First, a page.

What are the Laws in Arizona About Rescuing a Dog in a Hot Car?

With more and more studies coming out, from regular people sitting in cars with digital thermometers to controlled scientific experiments done by established organizations, folks are becoming more aware and concerned when they see a living creature alone in a locked car.

Most of us have heard the stories about people who have rescued dogs from cars, and may have different opinions about it. Even law enforcement and courts in states where it is prohibited for a citizen to take matters into their own hands find it difficult to prosecute offenders. In a recent case in Georgia, a man was acquitted of all criminal charges after unlawfully entering a hot car to rescue a dog. His efforts saved the dog and caused animal lovers in Georgia to demand new laws focused on animal rights.

There are 25 states to date with laws on the books allowing for either public officials to rescue, or in some states, anyone can do what is necessary to save an animal. Even in these states, many of the laws specify what kind of animal can be saved and other rules that must be adhered to for the rescue to be lawful.

Arizona Laws About Rescuing a Dog in a Hot Car
Upon witnessing a dog or other animal left in a car, especially if they seem to be in imminent danger or are in distress, it is only natural to want to do whatever necessary to rescue them. However, before you do, it’s important to know the laws in your state or be prepared to defend your actions to law enforcement and/or the courts.

The states that have the “Good Samaritan” laws regarding animals in hot cars include: California, Colorado, Florida, Indians, Massachusetts, Ohio, Oregon, Tennessee, Vermont, Wisconsin, and Arizona.

These Good Samaritan laws allow for a private citizen to rescue an animal that is in distress or imminent danger. However, for a private citizen to lawfully enter a vehicle to rescue an animal most laws require you must first try to find the vehicles owner as well as contacting law enforcement and informing them of the situation. In states where the “Good Samaritan” law is in effect, someone who rescues an animal from a hot car is immune from being liable for damages occurred during the rescue.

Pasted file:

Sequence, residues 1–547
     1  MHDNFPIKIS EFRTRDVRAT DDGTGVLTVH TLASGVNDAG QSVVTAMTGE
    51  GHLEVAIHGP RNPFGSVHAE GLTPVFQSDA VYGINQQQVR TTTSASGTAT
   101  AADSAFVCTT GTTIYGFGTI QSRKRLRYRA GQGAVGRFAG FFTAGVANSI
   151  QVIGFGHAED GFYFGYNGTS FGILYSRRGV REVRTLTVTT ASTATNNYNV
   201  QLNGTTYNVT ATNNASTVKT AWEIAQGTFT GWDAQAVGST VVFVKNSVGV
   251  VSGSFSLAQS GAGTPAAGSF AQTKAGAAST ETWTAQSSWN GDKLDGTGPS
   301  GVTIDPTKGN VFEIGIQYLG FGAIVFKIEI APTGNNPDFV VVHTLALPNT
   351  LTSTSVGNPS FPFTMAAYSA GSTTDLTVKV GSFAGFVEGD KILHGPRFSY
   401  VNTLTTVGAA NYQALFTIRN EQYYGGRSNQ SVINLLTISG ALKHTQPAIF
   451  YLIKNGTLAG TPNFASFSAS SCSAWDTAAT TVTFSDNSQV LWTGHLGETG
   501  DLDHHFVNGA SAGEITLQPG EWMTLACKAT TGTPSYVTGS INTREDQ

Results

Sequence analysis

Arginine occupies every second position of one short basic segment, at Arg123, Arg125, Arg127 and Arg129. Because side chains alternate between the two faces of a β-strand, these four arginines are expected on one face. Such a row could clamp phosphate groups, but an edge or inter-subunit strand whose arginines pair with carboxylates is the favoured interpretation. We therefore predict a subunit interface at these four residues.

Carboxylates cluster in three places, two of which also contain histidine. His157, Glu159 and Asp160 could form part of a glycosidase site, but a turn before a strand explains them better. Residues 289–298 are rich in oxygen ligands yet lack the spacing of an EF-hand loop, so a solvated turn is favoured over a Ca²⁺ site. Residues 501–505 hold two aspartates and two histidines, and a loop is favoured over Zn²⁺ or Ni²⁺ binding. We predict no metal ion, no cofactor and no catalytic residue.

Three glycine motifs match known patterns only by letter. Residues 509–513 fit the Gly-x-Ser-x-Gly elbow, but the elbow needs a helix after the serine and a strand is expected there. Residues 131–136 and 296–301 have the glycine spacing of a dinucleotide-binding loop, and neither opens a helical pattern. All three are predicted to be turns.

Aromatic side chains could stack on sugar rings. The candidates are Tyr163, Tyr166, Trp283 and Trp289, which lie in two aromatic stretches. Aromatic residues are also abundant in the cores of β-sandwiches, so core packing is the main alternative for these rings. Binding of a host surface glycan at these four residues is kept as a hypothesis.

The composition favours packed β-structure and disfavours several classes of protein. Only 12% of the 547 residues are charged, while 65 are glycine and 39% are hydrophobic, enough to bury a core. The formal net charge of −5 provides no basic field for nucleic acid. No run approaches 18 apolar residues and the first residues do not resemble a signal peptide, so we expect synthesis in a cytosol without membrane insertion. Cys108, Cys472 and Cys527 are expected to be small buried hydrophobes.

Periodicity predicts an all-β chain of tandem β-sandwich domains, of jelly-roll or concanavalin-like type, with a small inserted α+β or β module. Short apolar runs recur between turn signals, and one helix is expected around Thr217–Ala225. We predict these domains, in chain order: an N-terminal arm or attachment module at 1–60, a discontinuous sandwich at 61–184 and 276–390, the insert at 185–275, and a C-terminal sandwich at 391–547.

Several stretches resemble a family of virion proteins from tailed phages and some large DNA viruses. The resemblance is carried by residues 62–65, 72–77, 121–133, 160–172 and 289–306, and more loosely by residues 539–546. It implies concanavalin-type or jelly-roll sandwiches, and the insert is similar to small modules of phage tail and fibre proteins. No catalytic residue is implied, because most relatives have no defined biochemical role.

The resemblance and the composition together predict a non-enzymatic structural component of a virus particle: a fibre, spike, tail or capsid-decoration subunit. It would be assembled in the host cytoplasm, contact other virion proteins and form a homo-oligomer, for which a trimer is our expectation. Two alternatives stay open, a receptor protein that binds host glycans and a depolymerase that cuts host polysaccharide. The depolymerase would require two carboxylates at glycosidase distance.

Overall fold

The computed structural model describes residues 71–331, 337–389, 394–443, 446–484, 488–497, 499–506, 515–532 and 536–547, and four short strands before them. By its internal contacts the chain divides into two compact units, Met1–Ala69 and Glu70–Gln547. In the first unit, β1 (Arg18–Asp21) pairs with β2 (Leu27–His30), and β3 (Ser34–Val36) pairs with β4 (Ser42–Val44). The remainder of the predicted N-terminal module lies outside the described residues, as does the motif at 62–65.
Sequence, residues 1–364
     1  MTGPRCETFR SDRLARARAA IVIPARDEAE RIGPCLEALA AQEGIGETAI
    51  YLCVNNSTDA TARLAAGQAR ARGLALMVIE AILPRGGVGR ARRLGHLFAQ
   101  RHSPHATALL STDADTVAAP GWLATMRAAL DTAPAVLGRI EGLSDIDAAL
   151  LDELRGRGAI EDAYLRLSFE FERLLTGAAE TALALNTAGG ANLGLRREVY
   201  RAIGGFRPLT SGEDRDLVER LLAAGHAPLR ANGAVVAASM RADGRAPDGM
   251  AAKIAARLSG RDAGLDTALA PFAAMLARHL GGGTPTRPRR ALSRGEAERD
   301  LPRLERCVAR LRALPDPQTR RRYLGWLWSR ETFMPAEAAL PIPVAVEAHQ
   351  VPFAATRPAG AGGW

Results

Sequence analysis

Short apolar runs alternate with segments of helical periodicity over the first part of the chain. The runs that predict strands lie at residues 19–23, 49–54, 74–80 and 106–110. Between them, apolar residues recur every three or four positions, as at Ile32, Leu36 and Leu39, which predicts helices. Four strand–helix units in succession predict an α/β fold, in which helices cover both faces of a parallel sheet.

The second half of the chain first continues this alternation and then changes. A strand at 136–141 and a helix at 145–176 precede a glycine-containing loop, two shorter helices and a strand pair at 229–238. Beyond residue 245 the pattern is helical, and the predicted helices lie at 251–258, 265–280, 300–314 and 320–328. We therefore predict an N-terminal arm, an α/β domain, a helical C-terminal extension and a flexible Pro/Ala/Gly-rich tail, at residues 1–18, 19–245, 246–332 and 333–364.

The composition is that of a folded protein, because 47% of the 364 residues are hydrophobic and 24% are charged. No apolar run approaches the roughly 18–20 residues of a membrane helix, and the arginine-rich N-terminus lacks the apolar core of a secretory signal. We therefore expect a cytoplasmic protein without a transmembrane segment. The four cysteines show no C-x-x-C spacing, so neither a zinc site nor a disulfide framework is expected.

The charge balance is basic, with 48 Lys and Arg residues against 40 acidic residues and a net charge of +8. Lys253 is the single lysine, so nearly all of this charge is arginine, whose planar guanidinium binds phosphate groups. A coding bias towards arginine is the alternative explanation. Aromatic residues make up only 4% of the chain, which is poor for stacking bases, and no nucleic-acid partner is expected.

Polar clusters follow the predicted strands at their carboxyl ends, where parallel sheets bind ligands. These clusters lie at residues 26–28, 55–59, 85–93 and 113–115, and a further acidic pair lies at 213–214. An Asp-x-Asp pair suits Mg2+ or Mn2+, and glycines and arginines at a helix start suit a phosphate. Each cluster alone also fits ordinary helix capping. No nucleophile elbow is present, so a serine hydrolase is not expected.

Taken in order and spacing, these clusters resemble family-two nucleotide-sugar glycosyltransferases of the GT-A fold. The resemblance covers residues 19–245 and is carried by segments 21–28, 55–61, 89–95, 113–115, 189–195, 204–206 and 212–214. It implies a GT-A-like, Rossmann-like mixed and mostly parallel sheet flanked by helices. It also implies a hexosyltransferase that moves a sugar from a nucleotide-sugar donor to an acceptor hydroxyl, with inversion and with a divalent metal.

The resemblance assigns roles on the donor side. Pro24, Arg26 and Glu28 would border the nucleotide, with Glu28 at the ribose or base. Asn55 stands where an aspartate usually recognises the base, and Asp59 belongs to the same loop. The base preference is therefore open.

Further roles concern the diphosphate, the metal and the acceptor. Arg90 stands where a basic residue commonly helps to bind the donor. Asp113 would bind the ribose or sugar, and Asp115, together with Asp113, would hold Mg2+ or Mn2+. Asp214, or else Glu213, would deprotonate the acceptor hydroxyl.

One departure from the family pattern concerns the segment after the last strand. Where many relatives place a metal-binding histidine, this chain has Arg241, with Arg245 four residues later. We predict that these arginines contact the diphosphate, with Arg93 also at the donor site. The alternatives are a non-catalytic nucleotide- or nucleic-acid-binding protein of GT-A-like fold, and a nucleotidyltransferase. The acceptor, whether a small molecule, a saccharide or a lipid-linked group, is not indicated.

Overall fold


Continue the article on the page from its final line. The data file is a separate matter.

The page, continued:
Other Rules For Arizona Residents

With temperatures that remain higher than the rest of the nation year-round, living in Arizona means it is extremely important to be aware of the laws as both a pet owner and a concerned citizen.

The State of Arizona defines an animal as any mammal, bird, reptile, or amphibian. That means one is not limited to rescuing only animals such as cats and dogs. Remember, removing a confined animal from an unattended car in Arizona requires that you:

  • Have good faith the animal is in danger if not removed
  • The vehicle is locked
  • Law has been contacted
  • No excessive force is used to enter the vehicle

The laws are always changing and many states have laws pending, so be sure to stay updated on the laws in your area. You can check a reputable site online that does frequent updates, such as Michigan State University’s Animal Legal and Historical Center, which has a table of state laws, or contact a legal professional in your area who will know your rights.

 

For more information of the dangers associated with hot cars, visit: https://www.cdc.gov/disasters/extremeheat/children.html

Concerned about the property damage and/or injury suffered from a pet rescue? Are you or a loved facing distress over the carelessness of another person or business? Simon Law Group serves the Phoenix area and can help. Get the advice you need today and contact Simon Law anytime day or night at 480-745-2450.